In May 2020 Slater and Gordon Senior Associate Ebony Birchall told The Guardian, “People who have been subjected to unlawful and invasive searches by NSW Police have rights to seek redress. By grouping these claims into potential class actions, people can stand together and demand change.” 

“Happy” stripping

The number of strip searches in NSW has increased almost 20-fold in the past 12 years, from 277 in 2006, to a massive 5,483 in 2018, with an almost 50 per cent increase in strip searches between 2014-18. 

Almost 300 minors, including a 10-year-old, were strip-searched by NSW Police over a two-year period between the financial years 2016-18. 

On 6 November 2019, the NSW Police Minister infamously defended his force’s actions with the much-ridiculed admission that he wouldn’t object to his two boys undergoing a naked inspection if “they were at risk of doing something wrong”, adding that parents would be “pretty happy” if their children were strip searched and found with drugs.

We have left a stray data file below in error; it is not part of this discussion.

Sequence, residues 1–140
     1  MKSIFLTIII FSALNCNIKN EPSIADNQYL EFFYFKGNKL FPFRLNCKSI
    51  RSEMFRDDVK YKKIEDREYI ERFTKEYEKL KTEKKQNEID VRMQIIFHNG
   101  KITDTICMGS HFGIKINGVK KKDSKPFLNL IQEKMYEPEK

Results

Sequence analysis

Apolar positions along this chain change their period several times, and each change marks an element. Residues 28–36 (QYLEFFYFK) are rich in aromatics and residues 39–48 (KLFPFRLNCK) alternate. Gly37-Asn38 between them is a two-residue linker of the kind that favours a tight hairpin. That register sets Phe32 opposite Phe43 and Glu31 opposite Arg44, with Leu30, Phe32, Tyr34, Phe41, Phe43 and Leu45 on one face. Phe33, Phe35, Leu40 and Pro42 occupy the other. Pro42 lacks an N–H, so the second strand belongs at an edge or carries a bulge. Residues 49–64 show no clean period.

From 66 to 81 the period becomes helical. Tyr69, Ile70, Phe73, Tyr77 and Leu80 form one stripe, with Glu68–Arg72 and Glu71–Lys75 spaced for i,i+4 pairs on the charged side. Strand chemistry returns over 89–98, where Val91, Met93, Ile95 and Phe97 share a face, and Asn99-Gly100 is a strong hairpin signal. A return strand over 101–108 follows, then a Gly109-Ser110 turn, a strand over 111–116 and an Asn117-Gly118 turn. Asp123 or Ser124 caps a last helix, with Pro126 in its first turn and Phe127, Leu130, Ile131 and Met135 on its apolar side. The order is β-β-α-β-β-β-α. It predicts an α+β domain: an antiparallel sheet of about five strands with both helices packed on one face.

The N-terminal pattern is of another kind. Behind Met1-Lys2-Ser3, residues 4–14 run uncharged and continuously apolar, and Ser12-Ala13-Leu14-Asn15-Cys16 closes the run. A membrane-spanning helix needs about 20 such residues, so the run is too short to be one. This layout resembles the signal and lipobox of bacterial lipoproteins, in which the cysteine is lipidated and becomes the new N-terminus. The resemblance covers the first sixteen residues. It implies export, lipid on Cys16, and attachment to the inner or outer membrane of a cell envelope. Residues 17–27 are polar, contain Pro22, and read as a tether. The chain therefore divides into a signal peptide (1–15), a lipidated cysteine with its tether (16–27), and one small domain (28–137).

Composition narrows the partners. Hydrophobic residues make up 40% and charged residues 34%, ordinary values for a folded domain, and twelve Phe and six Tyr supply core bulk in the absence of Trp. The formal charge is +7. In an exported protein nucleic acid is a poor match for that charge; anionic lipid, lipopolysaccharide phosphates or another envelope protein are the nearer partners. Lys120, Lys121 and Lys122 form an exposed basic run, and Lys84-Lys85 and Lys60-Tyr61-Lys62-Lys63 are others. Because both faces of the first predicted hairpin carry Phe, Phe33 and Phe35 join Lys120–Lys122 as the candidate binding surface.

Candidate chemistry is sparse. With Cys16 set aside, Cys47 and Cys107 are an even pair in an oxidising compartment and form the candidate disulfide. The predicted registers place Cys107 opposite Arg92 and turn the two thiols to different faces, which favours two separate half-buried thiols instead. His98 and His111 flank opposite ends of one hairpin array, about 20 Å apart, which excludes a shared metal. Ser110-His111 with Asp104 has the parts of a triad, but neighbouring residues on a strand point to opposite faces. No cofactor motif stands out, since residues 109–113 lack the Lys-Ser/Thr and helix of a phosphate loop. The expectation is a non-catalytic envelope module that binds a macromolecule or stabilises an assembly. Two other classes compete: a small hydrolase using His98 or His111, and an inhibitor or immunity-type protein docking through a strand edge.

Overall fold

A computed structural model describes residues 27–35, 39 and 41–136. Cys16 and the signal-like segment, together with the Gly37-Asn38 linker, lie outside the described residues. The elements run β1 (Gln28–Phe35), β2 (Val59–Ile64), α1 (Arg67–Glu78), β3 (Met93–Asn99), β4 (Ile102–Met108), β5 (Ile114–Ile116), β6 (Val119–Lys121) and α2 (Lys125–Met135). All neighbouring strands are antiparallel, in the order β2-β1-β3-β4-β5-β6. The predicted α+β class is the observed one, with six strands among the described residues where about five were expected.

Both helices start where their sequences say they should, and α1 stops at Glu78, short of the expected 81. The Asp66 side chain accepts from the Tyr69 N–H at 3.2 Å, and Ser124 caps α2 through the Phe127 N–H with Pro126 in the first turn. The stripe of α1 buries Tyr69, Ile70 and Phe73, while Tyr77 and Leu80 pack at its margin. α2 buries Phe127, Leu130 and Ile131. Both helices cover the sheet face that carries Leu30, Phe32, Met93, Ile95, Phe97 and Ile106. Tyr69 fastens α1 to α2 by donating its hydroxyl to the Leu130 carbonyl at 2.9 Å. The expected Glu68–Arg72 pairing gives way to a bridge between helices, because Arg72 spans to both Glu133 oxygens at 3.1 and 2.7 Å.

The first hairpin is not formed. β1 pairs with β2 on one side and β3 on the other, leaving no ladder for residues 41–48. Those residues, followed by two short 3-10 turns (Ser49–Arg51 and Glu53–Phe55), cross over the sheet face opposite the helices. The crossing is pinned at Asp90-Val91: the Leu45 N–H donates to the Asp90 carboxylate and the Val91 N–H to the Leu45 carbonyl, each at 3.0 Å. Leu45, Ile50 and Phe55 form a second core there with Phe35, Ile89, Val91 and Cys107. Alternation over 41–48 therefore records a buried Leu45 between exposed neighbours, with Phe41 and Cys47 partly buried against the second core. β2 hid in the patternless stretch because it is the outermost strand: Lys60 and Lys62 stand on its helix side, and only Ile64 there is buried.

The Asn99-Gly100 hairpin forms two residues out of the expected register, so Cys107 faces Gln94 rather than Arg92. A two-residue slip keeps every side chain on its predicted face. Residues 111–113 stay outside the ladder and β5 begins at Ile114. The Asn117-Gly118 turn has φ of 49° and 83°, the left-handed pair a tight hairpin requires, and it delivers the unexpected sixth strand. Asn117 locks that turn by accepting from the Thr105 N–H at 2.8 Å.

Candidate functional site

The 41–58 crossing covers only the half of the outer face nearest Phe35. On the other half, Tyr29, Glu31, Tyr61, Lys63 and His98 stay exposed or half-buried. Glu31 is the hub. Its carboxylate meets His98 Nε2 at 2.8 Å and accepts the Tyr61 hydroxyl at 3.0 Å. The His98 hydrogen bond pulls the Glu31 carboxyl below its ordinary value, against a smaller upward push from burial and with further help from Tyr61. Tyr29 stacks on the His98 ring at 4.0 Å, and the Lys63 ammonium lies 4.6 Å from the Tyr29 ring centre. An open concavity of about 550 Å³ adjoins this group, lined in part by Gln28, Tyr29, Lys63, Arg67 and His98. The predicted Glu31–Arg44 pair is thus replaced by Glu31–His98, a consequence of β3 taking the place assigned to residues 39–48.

NSW Police Minister David Elliott addresses a press conference in Sydney on 22 October, 2020. Photo: AAP Image/Dan Himbrechts.

The previous year, as Corrections Minister, Elliott admitted that nine months after receiving it, he had ‘not yet read’ a draft report summarising an independent review he commissioned in November 2016 into the solitary confinement of young people.

Fairfax Media revealed that children in Juvenile Justice were being incarcerated for up to 23 hours a day, alone, for weeks at a time. Elliott instead focused on the “good news” that the proportion of Aboriginal inmates in Juvenile Justice had fallen from 53 per cent under the previous Labor administration to 47 per cent under his.